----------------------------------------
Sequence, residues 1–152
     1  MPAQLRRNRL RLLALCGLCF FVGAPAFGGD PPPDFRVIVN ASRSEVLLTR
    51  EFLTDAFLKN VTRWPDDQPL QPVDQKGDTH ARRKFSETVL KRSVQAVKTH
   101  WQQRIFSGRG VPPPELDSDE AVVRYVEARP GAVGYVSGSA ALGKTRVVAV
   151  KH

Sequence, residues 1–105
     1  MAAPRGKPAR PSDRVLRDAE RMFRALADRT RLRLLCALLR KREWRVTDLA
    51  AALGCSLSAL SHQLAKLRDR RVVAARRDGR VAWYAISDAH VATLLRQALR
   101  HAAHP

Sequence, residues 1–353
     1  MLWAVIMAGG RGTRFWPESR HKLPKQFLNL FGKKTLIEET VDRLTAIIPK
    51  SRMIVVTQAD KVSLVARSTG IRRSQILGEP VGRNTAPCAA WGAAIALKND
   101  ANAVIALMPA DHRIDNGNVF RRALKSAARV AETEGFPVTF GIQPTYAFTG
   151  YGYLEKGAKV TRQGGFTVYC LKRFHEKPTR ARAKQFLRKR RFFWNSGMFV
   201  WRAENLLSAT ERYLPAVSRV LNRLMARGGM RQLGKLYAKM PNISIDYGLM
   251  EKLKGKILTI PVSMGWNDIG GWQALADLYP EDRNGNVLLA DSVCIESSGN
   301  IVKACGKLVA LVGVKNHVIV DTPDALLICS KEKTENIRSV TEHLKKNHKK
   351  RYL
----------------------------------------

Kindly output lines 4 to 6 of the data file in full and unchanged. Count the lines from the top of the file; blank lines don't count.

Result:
   101  WQQRIFSGRG VPPPELDSDE AVVRYVEARP GAVGYVSGSA ALGKTRVVAV
   151  KH

Sequence, residues 1–105